P&O STAKED its immediate future as a ferry operator on the burgeoning freight market yesterday as it blamed the death of the booze cruise for the need to axe one-fifth of its workforce.
Yesterday's long-awaited shake-up will see 1,200 jobs go from the group's loss-making ferry business, with staff at Portsmouth tipped to bear the brunt of the losses given that P&O plans to retreat from all but one of its crossings from the sea-faring town. A further 350 jobs depend on P&O's ability to transfer three of its Portsmouth- based fleet to other operators.
P&O hopes to plug the hole its ferries arm has made in its bottom line by slashing its ferry routes from 13 to nine and getting rid of one-third of its ships, slimming its fleet down to just 23 vessels.
Unions denounced the job losses yesterday, threatening strike action if any of the redundancies are compulsory. Bob Crow, the RMT general secretary, said: "Our members will be devastated by the massive cuts. We urged the company to consult with us properly, but instead they kept us guessing for weeks and then dumped a massive pile of documents in front of our reps after they had made their announcement. That is not consultation, and loyal P&O employees deserve better than this knee-jerk reaction."
But the City hailed the overhaul, which was far more radical than any observers had predicted, prompting analysts to bet that the group would manage to rescue its embattled ferries operation. Shares in P&O rose 5 per cent to 258.5p as analysts interpreted yesterday's shake-up as a precursor to an eventual sale of the ferries unit, leaving it with just its thriving ports and logistics businesses.
John Lawson, at Investec Securities, said: "The key message is that the steady drain on group resources should be stemmed and in time we would expect the group to completely exit the business."
Ever since the opening of the Channel Tunnel sounded the death knell for ferry operators, it has been a question of when, not if, P&O would be forced to retrench. Its ferries business has been struggling to stay afloat in a sea of red for the past four years: losing pounds 40m last year finally prompted the group into action, and the new chief executive, Robert Woods, launched a far-reaching review six months ago.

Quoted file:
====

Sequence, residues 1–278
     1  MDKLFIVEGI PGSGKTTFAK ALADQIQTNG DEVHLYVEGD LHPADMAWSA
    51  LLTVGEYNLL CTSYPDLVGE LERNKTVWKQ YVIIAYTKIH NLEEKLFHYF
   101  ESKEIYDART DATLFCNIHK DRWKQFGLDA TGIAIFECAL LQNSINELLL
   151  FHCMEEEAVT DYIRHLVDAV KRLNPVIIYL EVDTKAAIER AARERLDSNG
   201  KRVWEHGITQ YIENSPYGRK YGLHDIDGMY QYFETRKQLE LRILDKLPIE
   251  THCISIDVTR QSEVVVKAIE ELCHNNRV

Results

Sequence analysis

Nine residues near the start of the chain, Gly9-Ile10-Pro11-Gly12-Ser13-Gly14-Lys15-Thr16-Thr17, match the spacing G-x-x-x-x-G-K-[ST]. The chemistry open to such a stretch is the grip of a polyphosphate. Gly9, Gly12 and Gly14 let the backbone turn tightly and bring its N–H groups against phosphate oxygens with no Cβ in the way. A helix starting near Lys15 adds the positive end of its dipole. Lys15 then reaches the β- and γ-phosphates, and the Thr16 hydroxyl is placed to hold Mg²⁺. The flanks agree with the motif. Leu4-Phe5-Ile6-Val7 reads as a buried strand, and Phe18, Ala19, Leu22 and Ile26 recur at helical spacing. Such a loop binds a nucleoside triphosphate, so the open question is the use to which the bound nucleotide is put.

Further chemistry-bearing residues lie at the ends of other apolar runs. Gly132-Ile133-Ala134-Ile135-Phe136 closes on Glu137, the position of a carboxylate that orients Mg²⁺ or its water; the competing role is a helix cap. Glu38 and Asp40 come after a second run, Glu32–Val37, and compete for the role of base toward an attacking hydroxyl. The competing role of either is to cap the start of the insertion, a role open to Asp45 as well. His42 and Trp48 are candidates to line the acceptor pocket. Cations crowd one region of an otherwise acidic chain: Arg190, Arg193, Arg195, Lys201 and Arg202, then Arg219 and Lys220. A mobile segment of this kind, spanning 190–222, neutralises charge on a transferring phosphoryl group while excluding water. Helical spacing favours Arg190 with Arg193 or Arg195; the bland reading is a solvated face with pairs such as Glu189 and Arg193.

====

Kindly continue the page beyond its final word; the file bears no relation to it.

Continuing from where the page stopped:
The group blamed a litany of culprits for the decline of its ferries business, from the abolition of duty-free sales in 1999 to the French government's decision to raise the tax on cigarettes by 50 per cent over the past 18 months - moves that have all but killed the appeal of on-board shopping. Meanwhile, the travel revolution engendered by the rise of low-cost airlines has opened up far more exotic destinations than Calais and Cherbourg to sun-starved Brits.
And that's without even getting the group started on the traumas of operating in a market where two of the major players - Sea France and Brittany Ferries - are basically owned by the French government, and consequently under little pressure to deliver any sort of meaningful profit. Not to mention the ill-fated Eurotunnel, which has spectacularly failed to provide any form of shareholder return since its inception, leaving P&O with little choice but to slash rates for its crossings to stand any chance of competing.
Mr Woods said: "Our operating profit has seen a continuous and marked decline. If we want to keep this business, and we do, we need to get it trading profitably. We do have a pretty uneven playing field, but we are not asking for Government …